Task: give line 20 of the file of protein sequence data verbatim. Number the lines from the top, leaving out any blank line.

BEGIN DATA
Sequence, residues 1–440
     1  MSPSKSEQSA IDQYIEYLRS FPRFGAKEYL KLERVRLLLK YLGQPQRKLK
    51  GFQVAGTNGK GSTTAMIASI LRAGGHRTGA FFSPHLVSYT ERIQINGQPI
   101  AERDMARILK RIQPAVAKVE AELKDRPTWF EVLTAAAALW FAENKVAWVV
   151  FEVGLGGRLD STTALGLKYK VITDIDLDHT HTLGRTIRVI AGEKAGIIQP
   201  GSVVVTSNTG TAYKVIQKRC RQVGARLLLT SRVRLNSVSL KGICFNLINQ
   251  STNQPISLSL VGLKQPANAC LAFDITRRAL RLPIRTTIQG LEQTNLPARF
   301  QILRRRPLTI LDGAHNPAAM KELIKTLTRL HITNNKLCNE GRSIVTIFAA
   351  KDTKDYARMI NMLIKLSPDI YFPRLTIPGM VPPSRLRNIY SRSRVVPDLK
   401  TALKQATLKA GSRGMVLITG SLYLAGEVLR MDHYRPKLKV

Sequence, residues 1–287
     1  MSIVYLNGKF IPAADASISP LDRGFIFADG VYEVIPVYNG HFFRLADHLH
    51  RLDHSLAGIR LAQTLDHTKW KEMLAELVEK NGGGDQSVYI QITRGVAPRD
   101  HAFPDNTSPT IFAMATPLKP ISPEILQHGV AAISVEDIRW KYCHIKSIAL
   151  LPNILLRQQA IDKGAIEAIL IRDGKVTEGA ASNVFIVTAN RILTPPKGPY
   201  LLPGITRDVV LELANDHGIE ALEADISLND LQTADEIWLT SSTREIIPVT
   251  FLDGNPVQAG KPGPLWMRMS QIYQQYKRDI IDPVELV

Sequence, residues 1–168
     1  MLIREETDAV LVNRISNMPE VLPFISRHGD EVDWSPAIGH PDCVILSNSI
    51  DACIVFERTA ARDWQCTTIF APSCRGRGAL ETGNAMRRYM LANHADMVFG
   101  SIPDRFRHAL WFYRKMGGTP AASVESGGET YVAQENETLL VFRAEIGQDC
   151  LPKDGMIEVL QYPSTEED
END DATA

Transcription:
    51  DACIVFERTA ARDWQCTTIF APSCRGRGAL ETGNAMRRYM LANHADMVFG